Theories and experiments have shown that the quantum computers of the future will be able to take on the strange features of quantum mechanics by the most powerful supercomputers currently enabled to go above and beyond. These Quantum computers will communicate via Quantum Internet, which is not as easy as plugging in their phone line. An important requirement of quantum computing is that the particles that perform the calculations are involved, a quantum mechanical phenomenon where they become part of a single state. A change in a particle creates an instantaneous change in others no matter how far away it is.
Unfortunately, these entangled states are easily disrupted. So how can they be transmitted for communication between computers? This is where quantum teleportation comes from. The entangled state is moved between two particles. This technique is not quite efficient and scientists are working hard to make the whole process more successful.
A team of researchers from multiple organizations has reported a record-breaking achievement in PRX Quantum. They were able to provide long-distance teleportation of qubits (quantum bits) with more than 90% reliability over a distance of 44 kilometers (27 miles) of a fiber-optic network. Panagiotis Spentzouris, the lead co-author of the Fermilab Quantum Science program, said in a statement, “We are thrilled with these results.” “This is a key achievement on the way to creating a technology that will redefine how our global communications are handled.”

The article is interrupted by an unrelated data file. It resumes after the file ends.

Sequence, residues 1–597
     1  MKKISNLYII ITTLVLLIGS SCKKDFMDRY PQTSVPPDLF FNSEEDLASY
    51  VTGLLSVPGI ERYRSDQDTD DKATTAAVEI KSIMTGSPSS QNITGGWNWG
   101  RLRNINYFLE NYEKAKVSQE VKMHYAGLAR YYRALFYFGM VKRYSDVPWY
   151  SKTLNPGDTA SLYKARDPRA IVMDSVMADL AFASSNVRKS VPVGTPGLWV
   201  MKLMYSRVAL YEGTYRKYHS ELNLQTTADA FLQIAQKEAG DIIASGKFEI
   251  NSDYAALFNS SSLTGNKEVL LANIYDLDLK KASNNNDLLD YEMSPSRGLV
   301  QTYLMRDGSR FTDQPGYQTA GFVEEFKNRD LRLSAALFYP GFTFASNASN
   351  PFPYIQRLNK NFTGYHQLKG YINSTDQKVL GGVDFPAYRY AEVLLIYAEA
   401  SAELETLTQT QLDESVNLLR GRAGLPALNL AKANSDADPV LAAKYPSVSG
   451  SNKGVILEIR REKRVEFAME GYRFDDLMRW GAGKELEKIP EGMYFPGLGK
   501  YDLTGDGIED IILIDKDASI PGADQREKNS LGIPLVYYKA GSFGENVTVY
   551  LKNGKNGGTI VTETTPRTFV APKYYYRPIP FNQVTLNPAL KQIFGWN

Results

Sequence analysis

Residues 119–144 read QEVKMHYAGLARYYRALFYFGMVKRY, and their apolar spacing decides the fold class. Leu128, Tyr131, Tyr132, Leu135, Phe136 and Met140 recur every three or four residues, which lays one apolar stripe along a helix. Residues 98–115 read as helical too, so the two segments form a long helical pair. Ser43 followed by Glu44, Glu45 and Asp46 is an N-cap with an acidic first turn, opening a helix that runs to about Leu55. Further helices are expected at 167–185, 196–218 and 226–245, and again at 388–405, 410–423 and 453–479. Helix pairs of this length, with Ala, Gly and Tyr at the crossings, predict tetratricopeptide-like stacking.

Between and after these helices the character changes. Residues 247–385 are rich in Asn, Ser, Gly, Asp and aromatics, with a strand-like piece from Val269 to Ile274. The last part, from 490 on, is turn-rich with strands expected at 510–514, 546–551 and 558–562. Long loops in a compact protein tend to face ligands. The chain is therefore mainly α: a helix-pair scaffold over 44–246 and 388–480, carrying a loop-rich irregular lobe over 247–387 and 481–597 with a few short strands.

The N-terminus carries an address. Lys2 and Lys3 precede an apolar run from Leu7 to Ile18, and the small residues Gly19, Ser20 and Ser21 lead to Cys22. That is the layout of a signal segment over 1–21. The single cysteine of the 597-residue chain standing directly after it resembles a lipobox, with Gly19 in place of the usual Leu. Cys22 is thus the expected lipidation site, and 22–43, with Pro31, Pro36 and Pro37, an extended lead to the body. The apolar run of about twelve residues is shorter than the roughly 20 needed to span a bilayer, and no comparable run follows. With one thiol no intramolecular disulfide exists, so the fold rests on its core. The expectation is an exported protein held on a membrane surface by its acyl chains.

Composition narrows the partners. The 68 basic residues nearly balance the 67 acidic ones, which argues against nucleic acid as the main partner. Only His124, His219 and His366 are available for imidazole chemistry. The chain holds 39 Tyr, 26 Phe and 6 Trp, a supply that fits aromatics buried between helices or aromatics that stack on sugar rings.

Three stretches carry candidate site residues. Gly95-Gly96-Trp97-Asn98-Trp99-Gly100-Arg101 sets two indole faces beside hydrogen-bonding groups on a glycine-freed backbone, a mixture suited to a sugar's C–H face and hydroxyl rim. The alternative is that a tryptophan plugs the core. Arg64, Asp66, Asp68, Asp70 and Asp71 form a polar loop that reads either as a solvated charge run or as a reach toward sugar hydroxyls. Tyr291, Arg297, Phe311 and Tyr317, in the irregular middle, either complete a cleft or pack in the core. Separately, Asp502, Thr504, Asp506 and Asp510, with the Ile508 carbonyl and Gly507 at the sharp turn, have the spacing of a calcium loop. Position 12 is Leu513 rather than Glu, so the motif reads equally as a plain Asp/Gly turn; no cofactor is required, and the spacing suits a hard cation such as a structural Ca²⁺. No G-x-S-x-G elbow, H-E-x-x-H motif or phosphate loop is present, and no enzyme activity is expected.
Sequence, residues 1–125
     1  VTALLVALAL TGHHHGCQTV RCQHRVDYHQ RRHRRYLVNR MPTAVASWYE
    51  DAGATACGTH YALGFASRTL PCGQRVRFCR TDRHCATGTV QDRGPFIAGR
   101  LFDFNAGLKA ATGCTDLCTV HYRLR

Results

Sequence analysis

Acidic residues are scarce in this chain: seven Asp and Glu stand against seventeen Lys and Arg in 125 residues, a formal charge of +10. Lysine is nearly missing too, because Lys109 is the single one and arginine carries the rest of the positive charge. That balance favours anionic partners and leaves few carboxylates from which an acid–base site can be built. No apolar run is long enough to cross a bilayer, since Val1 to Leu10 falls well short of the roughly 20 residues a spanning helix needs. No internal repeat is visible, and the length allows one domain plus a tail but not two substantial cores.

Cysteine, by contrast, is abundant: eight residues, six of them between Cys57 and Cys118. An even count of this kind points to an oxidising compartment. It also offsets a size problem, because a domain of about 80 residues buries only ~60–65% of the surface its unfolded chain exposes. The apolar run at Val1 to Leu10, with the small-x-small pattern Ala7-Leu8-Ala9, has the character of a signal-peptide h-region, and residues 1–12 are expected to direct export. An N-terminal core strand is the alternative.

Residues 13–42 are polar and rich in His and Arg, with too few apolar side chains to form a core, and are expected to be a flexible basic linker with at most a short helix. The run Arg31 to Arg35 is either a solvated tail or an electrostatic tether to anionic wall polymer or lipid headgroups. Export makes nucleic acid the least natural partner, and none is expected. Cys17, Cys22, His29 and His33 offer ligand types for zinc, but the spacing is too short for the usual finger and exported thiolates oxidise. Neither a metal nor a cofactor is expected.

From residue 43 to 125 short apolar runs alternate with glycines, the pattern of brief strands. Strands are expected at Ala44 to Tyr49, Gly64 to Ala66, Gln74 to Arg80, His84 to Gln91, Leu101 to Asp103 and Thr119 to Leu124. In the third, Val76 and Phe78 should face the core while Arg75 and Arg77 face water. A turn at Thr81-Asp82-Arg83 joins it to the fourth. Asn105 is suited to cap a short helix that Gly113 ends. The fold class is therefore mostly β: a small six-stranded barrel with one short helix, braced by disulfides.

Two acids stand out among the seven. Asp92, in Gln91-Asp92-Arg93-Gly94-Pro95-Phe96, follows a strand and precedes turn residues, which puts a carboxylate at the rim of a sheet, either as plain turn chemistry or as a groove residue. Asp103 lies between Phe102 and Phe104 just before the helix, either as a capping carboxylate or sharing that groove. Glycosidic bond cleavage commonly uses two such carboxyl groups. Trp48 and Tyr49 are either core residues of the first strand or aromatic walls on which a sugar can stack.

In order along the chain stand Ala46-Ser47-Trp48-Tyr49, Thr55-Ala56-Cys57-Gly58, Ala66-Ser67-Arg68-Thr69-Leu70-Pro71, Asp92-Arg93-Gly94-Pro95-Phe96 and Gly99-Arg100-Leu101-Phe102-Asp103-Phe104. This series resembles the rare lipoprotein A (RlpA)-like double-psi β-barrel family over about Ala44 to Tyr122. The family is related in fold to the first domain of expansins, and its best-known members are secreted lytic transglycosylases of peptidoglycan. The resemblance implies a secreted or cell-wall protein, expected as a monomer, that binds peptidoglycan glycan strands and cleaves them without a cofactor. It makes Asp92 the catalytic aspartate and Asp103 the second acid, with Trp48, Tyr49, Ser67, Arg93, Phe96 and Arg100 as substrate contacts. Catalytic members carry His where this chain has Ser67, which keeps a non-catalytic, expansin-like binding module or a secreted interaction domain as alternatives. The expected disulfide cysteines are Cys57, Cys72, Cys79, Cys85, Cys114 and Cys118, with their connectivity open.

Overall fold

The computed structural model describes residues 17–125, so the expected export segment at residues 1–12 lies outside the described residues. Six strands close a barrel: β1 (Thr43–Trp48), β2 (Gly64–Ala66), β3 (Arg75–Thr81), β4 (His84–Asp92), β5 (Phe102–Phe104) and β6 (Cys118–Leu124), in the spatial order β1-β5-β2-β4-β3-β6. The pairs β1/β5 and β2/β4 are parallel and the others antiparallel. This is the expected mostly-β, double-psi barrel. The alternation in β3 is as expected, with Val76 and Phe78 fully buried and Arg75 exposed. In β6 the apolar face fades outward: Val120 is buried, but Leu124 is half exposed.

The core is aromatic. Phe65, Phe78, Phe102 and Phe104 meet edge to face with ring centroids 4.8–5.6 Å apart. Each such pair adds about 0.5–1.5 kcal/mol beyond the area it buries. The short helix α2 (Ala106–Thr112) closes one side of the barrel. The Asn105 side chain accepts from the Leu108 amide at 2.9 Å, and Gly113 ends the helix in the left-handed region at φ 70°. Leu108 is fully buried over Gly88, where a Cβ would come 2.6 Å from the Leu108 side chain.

Quantum Teleportation The science fiction of teleportation does not work as popular. What you are teleporting is the state of the particle through the quantum channel and the classical channel. The sender has the original quit. It was created to interact with a particle in an involved pair, creating “classical signal” information about the state of the original quit. This signal and the other half of this involved pair are transmitted to the receiver and by putting it together the receiver can recreate the original quit.
This success is the result of a collaboration between Fermilab, AT&T, Caltech, Harvard University, NASA Jet Propulsion Laboratory, and the University of Calgary. The systems on which this quantum teleportation was achieved were based on Intelligent Quantum Networks and Technologies, or Caltech’s public-private research program at IN-Q-NET.
“We are extremely proud to have achieved this milestone for sustainable, high-performance, and scalable quantum teleportation systems,” explained Maria Spiropulu, Shang-i Chain Professor of Physics at Caltech and director of the IN-Q-Net research program. “The results will be further improved. With the system upgrade, we hope to be able to finish by the second quarter of 2021.” Quantum computers are not here yet, but it is very important for them to have the infrastructure to work. The U.S. Department of Energy released its roadmap for a national quantum Internet last July.